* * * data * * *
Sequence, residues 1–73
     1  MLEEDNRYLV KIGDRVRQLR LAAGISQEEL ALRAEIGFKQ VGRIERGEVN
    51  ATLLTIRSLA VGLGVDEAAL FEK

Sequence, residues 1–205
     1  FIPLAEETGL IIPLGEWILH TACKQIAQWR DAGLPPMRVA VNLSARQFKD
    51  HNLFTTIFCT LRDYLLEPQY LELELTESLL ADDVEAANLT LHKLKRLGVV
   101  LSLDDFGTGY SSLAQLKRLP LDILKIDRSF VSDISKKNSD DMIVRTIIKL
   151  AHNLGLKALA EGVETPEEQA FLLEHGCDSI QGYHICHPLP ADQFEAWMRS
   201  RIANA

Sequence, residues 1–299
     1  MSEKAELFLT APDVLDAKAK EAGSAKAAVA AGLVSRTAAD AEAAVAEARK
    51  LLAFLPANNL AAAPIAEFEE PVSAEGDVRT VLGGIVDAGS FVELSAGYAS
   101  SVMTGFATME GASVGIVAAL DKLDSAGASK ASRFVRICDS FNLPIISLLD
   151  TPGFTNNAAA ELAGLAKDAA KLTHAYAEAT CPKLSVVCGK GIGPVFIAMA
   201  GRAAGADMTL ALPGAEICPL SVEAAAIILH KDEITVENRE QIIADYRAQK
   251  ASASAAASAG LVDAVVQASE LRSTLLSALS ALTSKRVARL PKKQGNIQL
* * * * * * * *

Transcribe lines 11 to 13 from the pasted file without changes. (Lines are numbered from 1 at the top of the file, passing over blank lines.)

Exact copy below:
     1  MSEKAELFLT APDVLDAKAK EAGSAKAAVA AGLVSRTAAD AEAAVAEARK
    51  LLAFLPANNL AAAPIAEFEE PVSAEGDVRT VLGGIVDAGS FVELSAGYAS
   101  SVMTGFATME GASVGIVAAL DKLDSAGASK ASRFVRICDS FNLPIISLLD